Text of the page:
Kivu power plant The first methane-extraction, power-production test plant started operating on Lake Kivu in 2009, and is shown in the picture to the left. The plant draws water up from ~300 m depth in a 0.75 m diameter pipe, and then separates and purifies the methane from the CO2. The methane is then sent in a surface pipe to shore, where it is burned in methane-fired generators designed to produce electricity. This first test plant can produce up to about 5 MW, and the first full-scale power plant will produce about 35 MW. This amount of pwer will double the current power output of Rwanda, and that power will be 5 times cheaper than the diesel they now burn for power. The prospect of such great generation of cheap power has now altered planning for power needs and availability in other East African countries. As the methane is withdrawn over time, the danger to surrounding populations decreases. Thus this time bomb in the lake may actually be a salvation for this very poor and developing part of the world.

One of the most interesting aspects of the Lake Kivu power generation plan is related to its sustainability. Because the lake is producing methane (the methane gas pressures are increasing over time), there is the possibility to withdraw just enough methane for power generation to balance the natural methane production. If this is done correctly, it would be a brilliant success story for turning a natural hazard into a sustainable operation that both reduces the hazard and provides great benefits at the same time.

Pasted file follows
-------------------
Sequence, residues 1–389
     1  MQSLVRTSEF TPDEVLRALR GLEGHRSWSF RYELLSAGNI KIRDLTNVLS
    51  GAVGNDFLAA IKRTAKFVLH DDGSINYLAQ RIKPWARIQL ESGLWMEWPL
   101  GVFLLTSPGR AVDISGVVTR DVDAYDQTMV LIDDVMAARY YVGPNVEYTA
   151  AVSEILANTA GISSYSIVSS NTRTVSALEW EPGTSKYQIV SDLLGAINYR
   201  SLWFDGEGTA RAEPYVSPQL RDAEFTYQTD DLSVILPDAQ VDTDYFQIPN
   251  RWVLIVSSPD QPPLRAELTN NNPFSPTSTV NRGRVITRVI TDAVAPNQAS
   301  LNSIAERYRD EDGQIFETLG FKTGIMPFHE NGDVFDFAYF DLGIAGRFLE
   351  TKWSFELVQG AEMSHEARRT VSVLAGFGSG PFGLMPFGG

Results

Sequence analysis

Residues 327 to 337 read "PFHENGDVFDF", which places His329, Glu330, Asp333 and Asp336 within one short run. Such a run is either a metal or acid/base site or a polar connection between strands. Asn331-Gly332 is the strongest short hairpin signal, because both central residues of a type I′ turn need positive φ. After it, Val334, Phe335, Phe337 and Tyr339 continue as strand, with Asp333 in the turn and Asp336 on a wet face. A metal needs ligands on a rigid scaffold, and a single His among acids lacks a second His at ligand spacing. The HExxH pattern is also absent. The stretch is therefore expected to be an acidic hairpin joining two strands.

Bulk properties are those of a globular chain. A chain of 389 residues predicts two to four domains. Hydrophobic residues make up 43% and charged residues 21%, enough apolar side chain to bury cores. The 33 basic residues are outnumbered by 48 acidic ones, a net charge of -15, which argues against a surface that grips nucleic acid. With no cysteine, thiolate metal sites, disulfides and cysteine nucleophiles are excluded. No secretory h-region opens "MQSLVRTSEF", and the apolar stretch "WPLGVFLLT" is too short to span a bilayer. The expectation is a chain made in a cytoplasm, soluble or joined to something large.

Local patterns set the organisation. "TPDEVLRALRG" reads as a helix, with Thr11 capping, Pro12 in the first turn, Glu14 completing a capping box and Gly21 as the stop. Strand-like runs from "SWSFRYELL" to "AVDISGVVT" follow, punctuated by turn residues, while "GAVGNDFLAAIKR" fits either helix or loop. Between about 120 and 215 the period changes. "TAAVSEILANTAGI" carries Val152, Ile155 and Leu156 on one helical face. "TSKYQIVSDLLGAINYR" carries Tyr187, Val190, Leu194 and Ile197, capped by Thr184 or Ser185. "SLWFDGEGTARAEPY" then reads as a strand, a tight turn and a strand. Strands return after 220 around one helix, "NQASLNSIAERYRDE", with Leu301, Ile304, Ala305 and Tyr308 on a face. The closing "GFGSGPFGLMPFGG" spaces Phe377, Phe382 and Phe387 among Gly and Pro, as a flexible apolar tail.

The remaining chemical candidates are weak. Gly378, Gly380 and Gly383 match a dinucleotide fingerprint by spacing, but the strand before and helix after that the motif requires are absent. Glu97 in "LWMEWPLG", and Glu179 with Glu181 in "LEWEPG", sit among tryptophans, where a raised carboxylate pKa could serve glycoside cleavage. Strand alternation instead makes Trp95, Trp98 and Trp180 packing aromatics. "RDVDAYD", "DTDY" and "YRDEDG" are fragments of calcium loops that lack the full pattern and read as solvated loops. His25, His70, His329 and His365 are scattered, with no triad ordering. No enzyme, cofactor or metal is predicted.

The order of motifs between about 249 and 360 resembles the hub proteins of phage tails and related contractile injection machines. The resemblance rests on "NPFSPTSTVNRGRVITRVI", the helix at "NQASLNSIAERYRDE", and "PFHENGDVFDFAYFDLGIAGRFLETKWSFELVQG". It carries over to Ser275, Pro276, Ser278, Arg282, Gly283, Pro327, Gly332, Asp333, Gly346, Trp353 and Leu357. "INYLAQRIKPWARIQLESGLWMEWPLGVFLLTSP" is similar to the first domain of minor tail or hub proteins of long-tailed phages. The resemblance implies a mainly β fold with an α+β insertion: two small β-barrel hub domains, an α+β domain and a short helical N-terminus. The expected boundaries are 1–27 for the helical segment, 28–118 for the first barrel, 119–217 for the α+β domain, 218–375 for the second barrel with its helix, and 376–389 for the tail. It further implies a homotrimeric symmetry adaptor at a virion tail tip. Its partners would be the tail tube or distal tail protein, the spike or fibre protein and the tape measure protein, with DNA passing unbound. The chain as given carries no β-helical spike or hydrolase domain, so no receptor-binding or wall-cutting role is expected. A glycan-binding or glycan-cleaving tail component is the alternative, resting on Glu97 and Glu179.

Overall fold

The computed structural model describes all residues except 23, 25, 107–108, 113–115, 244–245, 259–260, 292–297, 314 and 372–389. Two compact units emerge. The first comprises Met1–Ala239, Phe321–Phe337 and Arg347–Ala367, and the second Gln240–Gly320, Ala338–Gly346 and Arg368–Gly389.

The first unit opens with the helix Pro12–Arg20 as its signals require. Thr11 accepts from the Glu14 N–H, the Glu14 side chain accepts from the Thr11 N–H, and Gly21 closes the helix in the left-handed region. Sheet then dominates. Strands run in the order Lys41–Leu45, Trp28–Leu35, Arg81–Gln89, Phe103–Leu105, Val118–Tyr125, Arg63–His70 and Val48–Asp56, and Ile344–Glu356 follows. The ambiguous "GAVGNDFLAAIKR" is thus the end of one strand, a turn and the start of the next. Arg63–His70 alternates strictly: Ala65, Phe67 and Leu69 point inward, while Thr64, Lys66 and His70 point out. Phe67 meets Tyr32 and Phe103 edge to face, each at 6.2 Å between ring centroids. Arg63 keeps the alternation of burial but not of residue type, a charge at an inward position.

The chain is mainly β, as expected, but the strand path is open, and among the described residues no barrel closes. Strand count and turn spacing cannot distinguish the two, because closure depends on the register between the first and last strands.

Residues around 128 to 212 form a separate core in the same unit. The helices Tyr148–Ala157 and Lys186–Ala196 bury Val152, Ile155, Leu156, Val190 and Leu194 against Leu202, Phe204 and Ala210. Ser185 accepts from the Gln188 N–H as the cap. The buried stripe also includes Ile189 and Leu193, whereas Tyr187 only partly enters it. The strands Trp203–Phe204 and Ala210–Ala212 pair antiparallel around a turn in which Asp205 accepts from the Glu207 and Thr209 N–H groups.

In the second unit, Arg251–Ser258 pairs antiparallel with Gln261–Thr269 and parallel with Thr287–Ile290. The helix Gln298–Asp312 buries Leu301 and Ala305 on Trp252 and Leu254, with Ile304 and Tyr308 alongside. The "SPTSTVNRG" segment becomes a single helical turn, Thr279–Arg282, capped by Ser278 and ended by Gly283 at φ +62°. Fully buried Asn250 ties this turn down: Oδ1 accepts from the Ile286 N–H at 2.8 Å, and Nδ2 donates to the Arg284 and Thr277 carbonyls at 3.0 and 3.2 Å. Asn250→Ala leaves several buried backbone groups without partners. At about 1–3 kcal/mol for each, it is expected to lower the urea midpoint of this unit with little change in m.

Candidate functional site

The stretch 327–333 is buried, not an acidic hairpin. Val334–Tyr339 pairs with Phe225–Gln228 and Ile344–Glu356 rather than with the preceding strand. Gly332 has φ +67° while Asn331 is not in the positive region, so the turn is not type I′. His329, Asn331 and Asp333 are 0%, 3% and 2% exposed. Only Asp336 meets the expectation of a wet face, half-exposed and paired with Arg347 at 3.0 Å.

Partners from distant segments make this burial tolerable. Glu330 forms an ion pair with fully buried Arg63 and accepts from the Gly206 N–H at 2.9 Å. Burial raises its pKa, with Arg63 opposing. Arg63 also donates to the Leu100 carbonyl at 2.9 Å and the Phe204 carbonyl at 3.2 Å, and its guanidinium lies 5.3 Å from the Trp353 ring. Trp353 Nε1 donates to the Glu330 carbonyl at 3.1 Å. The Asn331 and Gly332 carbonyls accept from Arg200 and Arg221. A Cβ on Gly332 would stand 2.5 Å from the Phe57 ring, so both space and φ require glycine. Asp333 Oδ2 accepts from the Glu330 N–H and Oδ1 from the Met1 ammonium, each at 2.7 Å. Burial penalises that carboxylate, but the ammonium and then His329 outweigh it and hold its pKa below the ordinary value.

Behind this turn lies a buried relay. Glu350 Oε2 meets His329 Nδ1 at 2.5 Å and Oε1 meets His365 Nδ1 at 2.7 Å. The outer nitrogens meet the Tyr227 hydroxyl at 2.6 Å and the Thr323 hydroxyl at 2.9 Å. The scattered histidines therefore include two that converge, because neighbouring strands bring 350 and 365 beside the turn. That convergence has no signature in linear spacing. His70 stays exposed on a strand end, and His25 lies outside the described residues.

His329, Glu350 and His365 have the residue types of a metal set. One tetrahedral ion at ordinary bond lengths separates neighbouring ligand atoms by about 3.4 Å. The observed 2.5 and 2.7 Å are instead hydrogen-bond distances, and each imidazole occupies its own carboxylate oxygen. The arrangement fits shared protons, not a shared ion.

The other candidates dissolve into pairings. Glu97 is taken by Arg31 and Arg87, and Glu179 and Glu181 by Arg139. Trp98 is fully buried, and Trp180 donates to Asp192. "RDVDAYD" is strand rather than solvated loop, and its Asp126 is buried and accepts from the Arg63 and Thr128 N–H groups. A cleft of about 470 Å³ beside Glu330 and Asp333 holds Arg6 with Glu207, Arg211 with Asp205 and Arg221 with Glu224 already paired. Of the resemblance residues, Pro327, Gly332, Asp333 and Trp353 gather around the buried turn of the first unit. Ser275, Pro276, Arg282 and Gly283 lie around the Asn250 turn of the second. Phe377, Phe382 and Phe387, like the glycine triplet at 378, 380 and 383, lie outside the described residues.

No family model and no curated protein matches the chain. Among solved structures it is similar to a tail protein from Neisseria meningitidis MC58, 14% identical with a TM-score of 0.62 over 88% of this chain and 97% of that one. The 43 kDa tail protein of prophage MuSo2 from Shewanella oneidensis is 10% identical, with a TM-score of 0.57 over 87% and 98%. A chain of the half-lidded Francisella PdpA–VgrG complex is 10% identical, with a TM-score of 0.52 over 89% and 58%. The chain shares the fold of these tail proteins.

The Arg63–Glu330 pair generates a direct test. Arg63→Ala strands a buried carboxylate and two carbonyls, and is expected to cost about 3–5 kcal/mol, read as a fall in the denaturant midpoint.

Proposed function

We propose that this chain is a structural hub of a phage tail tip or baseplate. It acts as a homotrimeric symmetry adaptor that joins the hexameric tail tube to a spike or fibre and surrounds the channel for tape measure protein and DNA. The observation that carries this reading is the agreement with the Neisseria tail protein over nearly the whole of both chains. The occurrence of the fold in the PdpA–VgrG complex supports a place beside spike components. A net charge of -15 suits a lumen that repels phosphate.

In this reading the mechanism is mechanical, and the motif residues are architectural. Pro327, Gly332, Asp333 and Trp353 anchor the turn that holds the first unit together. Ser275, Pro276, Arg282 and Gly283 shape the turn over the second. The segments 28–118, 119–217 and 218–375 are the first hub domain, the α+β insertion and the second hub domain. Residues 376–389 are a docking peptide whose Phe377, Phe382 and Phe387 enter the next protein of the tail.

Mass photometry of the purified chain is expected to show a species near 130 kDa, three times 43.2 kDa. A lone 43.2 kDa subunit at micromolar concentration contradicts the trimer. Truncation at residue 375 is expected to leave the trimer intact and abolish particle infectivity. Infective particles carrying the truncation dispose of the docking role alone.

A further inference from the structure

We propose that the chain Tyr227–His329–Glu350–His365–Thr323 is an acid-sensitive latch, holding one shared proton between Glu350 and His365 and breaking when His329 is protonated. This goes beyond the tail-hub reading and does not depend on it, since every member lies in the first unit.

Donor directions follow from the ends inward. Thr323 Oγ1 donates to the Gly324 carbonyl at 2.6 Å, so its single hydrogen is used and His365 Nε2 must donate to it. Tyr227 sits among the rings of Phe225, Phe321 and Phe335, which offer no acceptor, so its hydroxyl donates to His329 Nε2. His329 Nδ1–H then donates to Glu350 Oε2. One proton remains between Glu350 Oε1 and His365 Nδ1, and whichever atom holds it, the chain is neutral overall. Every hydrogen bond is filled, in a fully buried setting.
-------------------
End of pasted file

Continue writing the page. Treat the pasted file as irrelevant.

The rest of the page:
Did Gas Bursts in the Geologic Past Cause Rapid Climate Warming or Mass Extinctions?

In 1996 a researcher at the University of Michigan, Youxue Zhang, had the insight that these gas bursts from lakes are very similar to the gassy eruptions of magma from volcanoes, and can be modeled in the same way. Essentially, the surrounding water column in the lake acts like the rock conduit does in a volcano, constraining the eruption upward. This meant that gas bursts could also come from oceans, and could potentially be many times more massive than what was observed at Lake Nyos. This led to the hypothesis that gas bursts in Earth's geologic history were responsible for rapid global warming at the end of the Paleocene period (~55.8 million years ago), and potentially for the greatest mass extinction known on Earth, at the end of the Permian (~251.4 million years ago). Both of these ideas rely on the presence and release of enormous amounts methane hydrate stored in ocean waters or sediments. The methane would act as a greenhouse gas and warm the planet, and in the case of mass extinctions the methane could be ignited at the surface and create continental-sized fires. One important piece of information in support of these ideas is that the methane would inject "isotopically light" carbon into the atmosphere, which is what has been detected in the geological record but never before explained.